With a single, integrated master data management solution, an organization can provide its business units with a view of master data that is up-to-date, accurate and customized to the special needs of the viewer.  For example, a shipping clerk using a logistics application, the right view will allow her to see a customer’s address and other relevant details.  The right view for the customer tracking her purchase on the Web will be different.

A single view master data management solution can provide all the benefits of traditional data management solutions — and the potential for enhanced, enterprise-wide efficiency and competitiveness. The prospect of putting a master data management solution in place may be daunting, espe­cially for larger organizations and/or those with limited IT resources. But with the right approach, this does not have to be the case.

That’s because at its heart, a single view solution to master data management is a busi­ness strategy, implemented via IT deliverables. Once the business strategy is in place, organizations can implement the IT enablers one domain at a time, as their overall business priorities call for them. The staged implementation process can also be coordinated with — and enhanced by — other initia­tives such as implementation of a service-oriented architecture.

For the bottom line, this staged implementation approach allows the financial impact of a new solution to be absorbed over a longer time and tied directly to specific business benefits. Staged implementation also allows an organiza­tion to see the real-world benefits of master data management more quickly, which is a good thing.  Without a master data man­agement system in place, organizations will continue to be at the mercy of their information silos.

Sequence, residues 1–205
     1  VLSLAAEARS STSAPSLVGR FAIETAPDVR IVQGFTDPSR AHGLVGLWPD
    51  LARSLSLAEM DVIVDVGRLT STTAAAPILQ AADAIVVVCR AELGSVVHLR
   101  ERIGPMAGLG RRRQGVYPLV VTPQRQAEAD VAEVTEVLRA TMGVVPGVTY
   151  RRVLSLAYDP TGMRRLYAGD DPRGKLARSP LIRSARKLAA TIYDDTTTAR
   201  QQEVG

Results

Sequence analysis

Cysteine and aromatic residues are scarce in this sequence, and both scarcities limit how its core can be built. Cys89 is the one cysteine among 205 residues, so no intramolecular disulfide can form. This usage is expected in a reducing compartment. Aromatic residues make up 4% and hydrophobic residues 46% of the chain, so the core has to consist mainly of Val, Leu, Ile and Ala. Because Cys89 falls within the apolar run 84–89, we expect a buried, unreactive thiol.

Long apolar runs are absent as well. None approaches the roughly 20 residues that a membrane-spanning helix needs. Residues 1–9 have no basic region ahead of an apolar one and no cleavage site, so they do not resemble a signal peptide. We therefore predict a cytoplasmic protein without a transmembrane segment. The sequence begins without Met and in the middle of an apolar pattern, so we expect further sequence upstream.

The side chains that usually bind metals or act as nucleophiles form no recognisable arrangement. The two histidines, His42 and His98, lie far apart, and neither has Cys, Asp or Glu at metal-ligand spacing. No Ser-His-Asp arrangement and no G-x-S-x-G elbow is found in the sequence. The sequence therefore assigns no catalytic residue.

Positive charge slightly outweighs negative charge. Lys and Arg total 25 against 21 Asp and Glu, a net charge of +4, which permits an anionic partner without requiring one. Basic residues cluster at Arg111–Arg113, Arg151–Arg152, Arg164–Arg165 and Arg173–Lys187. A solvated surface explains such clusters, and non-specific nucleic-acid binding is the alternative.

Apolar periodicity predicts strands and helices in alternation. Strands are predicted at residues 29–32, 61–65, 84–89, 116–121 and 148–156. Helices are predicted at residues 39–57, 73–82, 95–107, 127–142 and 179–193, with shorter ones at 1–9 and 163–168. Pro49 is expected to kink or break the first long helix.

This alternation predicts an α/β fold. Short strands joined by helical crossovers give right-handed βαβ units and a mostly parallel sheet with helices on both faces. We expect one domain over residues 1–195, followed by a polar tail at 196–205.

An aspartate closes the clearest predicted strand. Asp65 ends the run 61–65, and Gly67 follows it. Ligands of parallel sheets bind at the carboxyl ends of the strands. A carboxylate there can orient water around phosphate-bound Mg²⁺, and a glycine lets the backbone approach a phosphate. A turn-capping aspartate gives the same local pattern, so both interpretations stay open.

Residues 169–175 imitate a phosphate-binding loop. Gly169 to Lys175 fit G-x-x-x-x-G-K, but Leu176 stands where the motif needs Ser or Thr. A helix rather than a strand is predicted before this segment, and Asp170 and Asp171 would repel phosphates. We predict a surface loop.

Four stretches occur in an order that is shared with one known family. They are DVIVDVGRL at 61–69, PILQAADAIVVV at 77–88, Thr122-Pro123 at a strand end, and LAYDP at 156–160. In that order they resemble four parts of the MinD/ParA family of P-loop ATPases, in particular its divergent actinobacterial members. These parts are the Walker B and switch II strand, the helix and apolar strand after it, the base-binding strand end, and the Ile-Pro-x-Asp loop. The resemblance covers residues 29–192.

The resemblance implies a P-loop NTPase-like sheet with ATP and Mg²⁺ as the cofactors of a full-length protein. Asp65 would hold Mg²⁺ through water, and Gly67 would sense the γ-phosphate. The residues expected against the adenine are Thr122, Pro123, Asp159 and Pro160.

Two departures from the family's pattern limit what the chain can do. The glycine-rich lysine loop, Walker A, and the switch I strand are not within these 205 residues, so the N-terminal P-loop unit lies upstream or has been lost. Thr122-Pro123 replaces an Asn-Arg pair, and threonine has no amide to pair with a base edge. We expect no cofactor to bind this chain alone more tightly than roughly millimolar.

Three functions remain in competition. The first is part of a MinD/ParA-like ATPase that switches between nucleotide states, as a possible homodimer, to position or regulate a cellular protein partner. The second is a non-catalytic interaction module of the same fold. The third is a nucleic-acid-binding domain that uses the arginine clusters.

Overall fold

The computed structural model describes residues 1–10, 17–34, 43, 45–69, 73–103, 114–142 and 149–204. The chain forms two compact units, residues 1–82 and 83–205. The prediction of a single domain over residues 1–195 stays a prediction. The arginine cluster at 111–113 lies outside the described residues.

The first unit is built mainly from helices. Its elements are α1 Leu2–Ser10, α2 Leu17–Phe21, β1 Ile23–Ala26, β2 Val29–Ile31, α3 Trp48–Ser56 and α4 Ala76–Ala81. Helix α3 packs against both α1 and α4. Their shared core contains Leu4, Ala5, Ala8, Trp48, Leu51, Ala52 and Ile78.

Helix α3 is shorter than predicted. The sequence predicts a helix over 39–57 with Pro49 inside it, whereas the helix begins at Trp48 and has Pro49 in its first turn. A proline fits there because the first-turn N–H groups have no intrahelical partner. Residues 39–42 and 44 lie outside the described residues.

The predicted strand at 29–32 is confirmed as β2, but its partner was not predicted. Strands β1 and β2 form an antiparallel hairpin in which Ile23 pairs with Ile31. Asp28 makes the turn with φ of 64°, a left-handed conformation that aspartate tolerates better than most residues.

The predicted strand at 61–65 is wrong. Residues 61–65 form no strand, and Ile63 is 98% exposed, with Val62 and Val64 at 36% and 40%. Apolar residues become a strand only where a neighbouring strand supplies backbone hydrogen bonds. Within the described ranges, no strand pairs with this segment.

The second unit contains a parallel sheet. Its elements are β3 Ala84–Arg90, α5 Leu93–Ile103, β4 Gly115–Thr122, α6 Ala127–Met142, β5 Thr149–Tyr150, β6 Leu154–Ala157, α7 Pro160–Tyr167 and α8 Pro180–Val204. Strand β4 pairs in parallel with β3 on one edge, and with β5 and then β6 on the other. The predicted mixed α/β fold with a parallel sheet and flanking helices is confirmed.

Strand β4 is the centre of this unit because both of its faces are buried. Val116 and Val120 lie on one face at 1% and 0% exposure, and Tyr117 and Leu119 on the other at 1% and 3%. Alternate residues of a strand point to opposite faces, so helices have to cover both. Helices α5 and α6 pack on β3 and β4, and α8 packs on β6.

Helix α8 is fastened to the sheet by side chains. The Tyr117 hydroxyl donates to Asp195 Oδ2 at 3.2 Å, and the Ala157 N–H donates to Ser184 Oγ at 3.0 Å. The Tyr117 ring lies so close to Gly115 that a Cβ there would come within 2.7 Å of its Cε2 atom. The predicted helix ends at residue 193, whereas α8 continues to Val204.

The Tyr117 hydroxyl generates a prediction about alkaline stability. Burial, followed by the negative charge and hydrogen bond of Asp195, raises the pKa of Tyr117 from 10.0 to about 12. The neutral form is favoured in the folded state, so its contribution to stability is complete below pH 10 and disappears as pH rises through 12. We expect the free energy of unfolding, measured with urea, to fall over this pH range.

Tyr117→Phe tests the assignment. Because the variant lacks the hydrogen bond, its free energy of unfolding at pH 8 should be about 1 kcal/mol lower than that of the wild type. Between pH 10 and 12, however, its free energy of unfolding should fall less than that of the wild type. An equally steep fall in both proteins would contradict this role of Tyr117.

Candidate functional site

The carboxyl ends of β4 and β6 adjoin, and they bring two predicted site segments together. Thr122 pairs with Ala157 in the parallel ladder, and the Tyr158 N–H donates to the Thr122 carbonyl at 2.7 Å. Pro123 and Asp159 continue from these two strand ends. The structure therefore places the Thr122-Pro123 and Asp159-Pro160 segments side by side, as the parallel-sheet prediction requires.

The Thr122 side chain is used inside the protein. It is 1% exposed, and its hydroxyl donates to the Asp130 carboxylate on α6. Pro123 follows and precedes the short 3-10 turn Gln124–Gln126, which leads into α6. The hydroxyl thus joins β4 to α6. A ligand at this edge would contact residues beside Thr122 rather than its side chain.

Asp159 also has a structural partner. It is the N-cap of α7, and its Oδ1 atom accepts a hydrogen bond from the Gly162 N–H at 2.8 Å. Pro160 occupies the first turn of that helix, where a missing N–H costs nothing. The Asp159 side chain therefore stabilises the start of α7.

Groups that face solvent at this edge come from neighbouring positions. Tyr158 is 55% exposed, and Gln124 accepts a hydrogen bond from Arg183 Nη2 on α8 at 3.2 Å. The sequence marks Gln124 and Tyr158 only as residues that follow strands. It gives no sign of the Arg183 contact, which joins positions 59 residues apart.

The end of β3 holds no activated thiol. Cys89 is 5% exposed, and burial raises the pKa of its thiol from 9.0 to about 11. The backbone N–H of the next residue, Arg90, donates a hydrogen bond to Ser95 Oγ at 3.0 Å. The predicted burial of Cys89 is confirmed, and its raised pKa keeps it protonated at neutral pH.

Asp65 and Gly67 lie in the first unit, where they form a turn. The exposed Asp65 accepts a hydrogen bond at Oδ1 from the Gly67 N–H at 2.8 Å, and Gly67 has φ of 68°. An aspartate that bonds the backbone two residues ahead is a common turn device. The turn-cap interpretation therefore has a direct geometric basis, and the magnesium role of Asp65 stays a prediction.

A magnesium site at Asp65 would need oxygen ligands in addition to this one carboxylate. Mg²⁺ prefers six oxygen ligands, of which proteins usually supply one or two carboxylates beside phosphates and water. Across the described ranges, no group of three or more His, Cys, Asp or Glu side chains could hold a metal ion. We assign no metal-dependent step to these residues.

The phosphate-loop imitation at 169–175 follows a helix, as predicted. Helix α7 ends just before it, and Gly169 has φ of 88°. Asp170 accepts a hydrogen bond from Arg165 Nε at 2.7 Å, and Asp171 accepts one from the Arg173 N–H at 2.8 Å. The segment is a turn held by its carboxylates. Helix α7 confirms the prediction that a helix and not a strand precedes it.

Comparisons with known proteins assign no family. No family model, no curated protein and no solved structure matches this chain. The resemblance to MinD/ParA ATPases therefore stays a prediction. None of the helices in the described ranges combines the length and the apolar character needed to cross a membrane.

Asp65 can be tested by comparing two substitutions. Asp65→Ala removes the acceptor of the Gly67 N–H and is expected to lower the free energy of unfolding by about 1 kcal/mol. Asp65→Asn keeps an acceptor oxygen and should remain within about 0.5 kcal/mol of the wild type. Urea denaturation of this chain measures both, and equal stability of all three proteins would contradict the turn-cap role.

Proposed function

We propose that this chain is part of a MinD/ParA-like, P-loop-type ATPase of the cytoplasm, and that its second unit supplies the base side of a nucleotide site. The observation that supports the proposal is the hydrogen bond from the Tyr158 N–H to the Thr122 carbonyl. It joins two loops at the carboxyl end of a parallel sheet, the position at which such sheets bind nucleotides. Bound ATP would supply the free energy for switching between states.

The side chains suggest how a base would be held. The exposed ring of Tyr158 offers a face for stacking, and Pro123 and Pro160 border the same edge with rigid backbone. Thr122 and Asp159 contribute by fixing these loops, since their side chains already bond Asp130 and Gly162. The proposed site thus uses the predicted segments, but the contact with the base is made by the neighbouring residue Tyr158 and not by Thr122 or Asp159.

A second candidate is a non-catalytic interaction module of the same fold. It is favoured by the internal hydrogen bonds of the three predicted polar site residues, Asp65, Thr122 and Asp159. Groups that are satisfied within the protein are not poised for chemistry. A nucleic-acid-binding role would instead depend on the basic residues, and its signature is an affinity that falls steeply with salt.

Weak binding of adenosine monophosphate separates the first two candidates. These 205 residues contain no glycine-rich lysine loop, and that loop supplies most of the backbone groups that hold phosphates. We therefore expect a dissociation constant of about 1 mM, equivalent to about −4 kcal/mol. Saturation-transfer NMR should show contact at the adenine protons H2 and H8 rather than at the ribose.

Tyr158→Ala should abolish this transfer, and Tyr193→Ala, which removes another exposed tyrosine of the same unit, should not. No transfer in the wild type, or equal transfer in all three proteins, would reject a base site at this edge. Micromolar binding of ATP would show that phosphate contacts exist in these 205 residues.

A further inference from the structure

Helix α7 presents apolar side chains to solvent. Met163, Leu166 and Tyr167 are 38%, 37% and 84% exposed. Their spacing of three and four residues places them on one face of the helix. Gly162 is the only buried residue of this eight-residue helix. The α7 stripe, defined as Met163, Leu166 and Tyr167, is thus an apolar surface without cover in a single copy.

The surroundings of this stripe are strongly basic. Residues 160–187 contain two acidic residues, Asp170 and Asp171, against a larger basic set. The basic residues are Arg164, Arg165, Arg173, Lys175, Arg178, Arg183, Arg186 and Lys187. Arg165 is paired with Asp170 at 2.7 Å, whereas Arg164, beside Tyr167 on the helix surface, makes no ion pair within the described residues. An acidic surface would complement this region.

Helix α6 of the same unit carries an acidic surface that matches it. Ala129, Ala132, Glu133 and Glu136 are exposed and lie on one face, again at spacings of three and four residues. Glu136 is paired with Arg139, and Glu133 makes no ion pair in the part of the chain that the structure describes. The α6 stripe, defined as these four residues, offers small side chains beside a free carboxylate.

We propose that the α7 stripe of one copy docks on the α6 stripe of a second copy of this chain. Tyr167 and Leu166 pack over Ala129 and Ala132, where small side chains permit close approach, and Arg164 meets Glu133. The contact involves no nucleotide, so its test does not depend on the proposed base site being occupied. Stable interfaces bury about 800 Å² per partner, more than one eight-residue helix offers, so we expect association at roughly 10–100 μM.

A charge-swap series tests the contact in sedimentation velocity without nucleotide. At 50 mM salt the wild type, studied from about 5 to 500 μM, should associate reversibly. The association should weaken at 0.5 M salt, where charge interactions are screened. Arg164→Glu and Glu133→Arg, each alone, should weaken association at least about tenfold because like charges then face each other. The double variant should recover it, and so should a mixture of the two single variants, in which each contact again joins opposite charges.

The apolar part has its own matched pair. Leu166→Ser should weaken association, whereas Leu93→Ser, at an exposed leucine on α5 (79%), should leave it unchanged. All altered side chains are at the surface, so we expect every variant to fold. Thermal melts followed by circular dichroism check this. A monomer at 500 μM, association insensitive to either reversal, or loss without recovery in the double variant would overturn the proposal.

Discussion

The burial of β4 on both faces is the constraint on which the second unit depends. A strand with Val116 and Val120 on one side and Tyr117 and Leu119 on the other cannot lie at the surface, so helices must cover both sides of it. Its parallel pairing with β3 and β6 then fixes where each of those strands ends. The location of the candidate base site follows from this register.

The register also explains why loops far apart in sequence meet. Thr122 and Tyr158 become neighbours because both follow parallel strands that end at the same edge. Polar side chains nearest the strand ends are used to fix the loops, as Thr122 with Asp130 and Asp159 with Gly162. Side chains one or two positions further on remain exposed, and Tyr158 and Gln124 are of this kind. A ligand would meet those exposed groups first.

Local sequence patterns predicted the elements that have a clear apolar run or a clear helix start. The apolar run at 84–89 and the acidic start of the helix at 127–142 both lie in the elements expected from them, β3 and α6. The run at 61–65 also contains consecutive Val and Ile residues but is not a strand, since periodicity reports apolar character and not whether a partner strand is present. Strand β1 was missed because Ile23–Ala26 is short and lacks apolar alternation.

What Is Master Data Management?

Master data management describes a set of disciplines, technologies and solutions used to create and maintain consistent, complete, contextual and accurate business data for all stakeholders (users, applications, data ware­houses, processes, and trading partners).  The key to master data management is “management.” Master data manage­ment does not create new data or new data silos. Rather, it provides the method by which an organization can effectively manage the data already resident in disparate systems.


Key Attributes Of A Master Data Management Solution:

  • Consolidation of customer and other knowledge and insight from existing silos to an enterprise level.
  • Sharing of data across all systems as a set of customer-centric business pro­cesses and services.
  • Common master for customers, products and suppliers to speed data entry, retrieval and analysis.
  • Support for multiple users of data, including the ability to limit certain users’ ability to add, update or view processes which maintain the master data.
  • Integration of product information management, customer relationship man­agement, customer data integration and other solutions that provide access to analysis of master data.

About the Author

Paraic Sweeney is Vice President, Information Platform & Solutions, IBM Information Management.